Things don’t quite work out, and a lot of the rest of the book is spent following John around as he tries to find Josella and/or another group of survivors to hang out with.

But wait! Maybe you’ve read this far and are thinking, ‘Hey, I thought this book was called “The Day of the Triffids,” not “The Day I Was Finally Able to Tell Women They Were Dumb Cunts.” What about the Triffids!?’

Well, my ereader says that at about 70% of the way through the book, the Triffids start having a major stake in the plot. For 70% of the book’s timeline, that title was just biding its time while the Triffids slowly amassed power that is then unleashed via them threatening to overtake the world as only plants can: very slowly. Their big strategy is to just kind of mass around any barrier until the total pressure is enough break through, and then they walk in and whap people with their poison sacs.

Not to say there isn’t narrative tension to be milled from nature’s slow and steady persistence dominating humanity, but the opportunity certainly escaped Wyndham. Just as he’s painting a picture of untold generations of survivors being penned-in by this green mass, they’re saved by a guy in a helicopter who is a representative of the original group that John had hooked up with. Here’s more or less how the novel ends.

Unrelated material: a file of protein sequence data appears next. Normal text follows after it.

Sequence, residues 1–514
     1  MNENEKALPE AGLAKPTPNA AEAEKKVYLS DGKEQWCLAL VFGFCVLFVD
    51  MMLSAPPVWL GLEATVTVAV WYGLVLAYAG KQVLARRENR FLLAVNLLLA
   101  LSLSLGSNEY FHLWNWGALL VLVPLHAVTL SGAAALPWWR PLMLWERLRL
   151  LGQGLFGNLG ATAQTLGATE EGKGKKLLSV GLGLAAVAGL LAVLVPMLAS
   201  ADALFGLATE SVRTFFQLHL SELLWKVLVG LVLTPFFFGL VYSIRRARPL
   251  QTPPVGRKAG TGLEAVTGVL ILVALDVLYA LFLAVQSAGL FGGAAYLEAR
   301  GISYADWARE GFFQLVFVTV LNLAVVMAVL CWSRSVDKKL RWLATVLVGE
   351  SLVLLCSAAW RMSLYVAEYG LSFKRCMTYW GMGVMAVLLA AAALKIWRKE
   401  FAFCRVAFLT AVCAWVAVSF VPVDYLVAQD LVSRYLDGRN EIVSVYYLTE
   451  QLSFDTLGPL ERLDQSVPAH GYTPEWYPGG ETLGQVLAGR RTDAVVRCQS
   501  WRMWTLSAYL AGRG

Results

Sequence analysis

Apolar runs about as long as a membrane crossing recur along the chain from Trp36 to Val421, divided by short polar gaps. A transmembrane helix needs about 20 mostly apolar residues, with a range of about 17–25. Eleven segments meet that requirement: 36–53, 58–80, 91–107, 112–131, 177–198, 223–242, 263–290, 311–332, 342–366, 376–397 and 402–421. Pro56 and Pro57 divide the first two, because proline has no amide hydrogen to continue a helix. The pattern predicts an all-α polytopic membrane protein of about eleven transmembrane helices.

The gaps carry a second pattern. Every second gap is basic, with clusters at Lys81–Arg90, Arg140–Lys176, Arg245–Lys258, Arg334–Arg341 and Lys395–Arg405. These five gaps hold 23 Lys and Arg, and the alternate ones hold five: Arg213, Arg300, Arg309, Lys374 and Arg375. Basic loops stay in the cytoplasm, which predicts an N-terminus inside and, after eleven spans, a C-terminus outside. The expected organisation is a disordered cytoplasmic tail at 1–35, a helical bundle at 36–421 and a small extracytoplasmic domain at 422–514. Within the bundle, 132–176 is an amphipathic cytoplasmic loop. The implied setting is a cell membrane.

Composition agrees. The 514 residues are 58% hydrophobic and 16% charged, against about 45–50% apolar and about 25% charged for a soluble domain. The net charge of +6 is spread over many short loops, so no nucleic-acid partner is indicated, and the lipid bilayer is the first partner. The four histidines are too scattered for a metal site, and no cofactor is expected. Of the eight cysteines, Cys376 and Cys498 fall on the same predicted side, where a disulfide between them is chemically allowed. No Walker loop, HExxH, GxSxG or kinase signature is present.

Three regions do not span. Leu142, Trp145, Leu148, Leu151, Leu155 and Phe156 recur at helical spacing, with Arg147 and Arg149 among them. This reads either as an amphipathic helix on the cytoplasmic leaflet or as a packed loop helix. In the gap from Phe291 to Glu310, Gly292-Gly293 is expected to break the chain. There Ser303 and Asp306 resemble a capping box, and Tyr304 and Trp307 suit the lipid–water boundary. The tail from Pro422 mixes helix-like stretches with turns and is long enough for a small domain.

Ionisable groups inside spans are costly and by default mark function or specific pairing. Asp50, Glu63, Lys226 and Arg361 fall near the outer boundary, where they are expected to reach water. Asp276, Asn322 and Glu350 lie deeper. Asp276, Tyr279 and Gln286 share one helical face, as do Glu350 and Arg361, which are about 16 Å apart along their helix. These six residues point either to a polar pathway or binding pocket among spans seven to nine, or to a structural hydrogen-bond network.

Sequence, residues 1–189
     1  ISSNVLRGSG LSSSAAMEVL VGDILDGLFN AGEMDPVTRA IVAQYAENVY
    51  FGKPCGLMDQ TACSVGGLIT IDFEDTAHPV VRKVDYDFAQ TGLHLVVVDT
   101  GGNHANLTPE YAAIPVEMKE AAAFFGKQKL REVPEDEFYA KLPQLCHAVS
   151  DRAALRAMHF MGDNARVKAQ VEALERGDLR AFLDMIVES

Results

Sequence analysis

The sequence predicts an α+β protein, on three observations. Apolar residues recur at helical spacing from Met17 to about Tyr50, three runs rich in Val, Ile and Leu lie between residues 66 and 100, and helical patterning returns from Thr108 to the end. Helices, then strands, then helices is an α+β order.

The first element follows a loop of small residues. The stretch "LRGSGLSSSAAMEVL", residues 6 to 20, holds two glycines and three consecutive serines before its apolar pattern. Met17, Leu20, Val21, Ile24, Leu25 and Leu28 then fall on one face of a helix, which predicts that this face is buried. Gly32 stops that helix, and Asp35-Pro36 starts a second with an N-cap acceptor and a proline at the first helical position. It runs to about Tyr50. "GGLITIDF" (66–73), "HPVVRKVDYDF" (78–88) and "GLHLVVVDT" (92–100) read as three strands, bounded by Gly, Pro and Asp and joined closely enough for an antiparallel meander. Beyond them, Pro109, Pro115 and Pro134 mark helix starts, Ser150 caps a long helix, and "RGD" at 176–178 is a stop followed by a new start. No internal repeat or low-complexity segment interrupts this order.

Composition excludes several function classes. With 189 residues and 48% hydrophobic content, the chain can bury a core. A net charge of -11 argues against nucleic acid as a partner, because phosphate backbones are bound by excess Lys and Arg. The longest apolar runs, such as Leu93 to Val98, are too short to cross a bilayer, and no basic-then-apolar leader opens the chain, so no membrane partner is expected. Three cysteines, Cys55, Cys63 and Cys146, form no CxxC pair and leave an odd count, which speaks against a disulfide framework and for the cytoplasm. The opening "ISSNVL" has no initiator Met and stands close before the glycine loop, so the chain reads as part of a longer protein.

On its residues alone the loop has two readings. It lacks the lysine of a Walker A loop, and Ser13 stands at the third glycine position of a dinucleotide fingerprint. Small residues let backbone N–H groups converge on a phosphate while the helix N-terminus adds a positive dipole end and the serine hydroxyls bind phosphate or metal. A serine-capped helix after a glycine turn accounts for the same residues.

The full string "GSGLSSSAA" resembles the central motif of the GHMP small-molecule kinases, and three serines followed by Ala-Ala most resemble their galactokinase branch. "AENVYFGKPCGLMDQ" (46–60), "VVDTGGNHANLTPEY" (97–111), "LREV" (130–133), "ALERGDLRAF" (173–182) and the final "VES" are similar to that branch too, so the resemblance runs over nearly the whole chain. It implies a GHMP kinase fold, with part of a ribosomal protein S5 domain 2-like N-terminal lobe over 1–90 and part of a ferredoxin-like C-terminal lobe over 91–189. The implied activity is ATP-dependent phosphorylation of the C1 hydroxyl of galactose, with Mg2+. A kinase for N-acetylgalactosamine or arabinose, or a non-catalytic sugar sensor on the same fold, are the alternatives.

HELICOPTER MAN: What do you say? Are you man enough to repopulate society?

JOHN: I–I don’t know! I’m a good man, I never asked for this. But say, these sentient plants sure are becoming a menace that threaten us literally and existentially. What do you think, Loving Wife?

LOVING WIFE: I think that this man is on the ball, because I myself am a masculine realist. And while I would never condescend to saying I know more than you or that you are wrong, I am perfectly comfortable in reaffirming your darkest desires, particularly those which you hide in meandering sci-fi novels with misleading titles and plots that seem to only function when they justify those desires. I also inexplicably talk just like you, except with less force, because I am a woman.

*both HELICOPTER MAN and JOHN look on in shock*

LOVING WIFE: Oops, must’ve slipped into my womanly sarcasm. How womanish of me; I’m usually not like this. What I mean to say is: you damn well know that the fate of humanity lies, quite literally, deep in the labyrinthine complexity of your bulging testicles.

JOHN: Well if the choice is between living a life-and-death struggle against existence and plants every day, or impregnating a bunch of blind hooers and having a cushy anti-Triffid research job, I suppose the answer is quite clear. Thank god for those sentient plants, which have given me a loving wife and a sense of masculine purpose. Truly, the end of the world has been worth it. I can only hope that my masculine principle does not develop rot from all of the dampness it is about to encounter. Maybe if I reserve its excursions to just the tip.